Necking – Cut Your Teeth

“It was way hotter in your memory.” is a line that stabs to the heart of perceived reality, and replaces self-projection with actual truth. Coming in sequence to “Can’t make me cum / so I made you leave” this kind of double, then triple blow is found all through Necking’s debut album Cut Your Teeth. Self-determinism, drive, and doing away with the bullshit is revealed at almost every corner.

Cut Your Teeth is an album that carries a certain kind of menace. But only for those that deal in less than admirable values. If you’re a decent, respectful person there’s very little to fear. Stray from the ideals of Necking, and they’ll take issue. Thankfully.

Throughout the nine tracks the Vancouver quartet express a string of deeply personal truths; the lessons they’ve learned from trusting the wrong people, being mislead by others. The album could also be named ‘Enough of this Shit’ – and then a list of events, lies, frustrations and mediocrity that have driven the band to distraction.

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But wait. Cut Your Teeth is not an album defined entirely by combat. There’s humor, and a healthy, sometimes self-deprecating wit It’s true, tracks like ‘Big Mouth’ pour energy into dismantling the wrong-doers and those devoid of basic decency. However, tracks like ‘Drag me out’ and ‘Go Getter’ point to the personal failings, and aspirations of the narrator.

Necking are smart in that they address behaviors more than people. Targets are taken down for what they do, not for who they are. The revulsion felt at being less than authentic is refreshing, and this cross-hair fixes on the inner landscape too. Being ‘dragged out’ of her own self-pity Hannah Karen realizes that she too has been less than real with herself. This kind of honesty is extraordinarily vulnerable, and welcomes in the listener – it encourages engagement in the fight against all things not true. This ‘all of our shit stinks’ approach is surprisingly rare at the moment. Necking represent themselves well by admitting this type of intimate truth.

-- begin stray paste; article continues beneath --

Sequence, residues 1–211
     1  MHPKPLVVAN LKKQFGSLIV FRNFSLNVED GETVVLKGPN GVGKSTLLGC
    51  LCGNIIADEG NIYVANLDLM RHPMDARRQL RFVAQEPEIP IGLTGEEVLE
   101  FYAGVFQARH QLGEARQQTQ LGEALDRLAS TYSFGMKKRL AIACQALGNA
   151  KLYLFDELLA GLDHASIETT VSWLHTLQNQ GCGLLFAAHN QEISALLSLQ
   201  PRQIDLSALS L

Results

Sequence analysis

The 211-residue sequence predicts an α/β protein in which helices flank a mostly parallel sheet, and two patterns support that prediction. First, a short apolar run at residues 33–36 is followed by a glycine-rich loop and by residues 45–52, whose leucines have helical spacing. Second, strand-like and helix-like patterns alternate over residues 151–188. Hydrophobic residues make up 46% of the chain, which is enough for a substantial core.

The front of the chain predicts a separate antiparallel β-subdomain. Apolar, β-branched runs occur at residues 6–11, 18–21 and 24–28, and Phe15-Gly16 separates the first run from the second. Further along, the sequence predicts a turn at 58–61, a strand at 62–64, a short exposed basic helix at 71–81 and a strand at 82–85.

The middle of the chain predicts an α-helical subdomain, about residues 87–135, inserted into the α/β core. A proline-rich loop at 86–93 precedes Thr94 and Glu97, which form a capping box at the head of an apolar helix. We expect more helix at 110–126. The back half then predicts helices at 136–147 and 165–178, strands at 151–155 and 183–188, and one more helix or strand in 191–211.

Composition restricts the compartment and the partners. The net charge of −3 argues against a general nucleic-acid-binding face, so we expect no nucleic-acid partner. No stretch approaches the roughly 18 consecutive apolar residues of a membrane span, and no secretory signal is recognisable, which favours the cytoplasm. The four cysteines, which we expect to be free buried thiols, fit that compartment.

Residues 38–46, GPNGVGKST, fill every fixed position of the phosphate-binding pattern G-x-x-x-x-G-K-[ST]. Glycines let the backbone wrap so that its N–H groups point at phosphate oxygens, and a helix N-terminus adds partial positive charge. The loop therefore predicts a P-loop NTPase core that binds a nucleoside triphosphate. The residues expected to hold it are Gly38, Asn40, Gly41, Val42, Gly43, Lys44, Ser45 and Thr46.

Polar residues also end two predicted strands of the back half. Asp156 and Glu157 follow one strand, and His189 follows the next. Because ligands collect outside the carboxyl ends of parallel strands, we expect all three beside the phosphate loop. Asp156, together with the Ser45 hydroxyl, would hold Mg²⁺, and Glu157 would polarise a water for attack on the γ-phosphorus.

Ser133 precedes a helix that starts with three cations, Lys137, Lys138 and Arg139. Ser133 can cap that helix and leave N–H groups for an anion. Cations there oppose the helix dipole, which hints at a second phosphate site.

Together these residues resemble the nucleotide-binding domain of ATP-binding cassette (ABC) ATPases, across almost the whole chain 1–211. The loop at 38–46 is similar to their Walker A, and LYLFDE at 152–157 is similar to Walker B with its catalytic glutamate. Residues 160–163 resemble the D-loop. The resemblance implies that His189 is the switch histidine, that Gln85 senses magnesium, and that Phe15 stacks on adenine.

Putting a keen ear on production values there’s cleverness to the space that’s been preserved between a band who clearly celebrate their own chemistry. We’re told that the band formed before they even start playing music with one another. So there’s a real sense that they were determined to maximize their enjoyment of the studio. There’s no fear of volume, and if there’s a dial for ‘fucking massive sound’ Necking lean on that button more than others. At times bass-riffs roll speakers off the shelf. You have to deliver this thing with volume, and the physical effects are felt. However, it’s not an album without range or dynamism. Stuff this loud rarely delivers the vocal clarity, or celebration of loose riffs as are heard on Cut Your Teeth. Clearly Necking are a band that studied hard into all those constituent elements that made their heroes great. Guitars, and purposefully triggered snares add surprising textures beneath the main body of movement.

Cut Your Teeth is surprising, serious and often times well humored. It sits with a catalog of recent punk releases that naturally recalibrate the genre to meet with contemporary demands. It’s brash and bawdy and frankly quite brilliant. Necking, with their debut, have secured a near-flawless victory.

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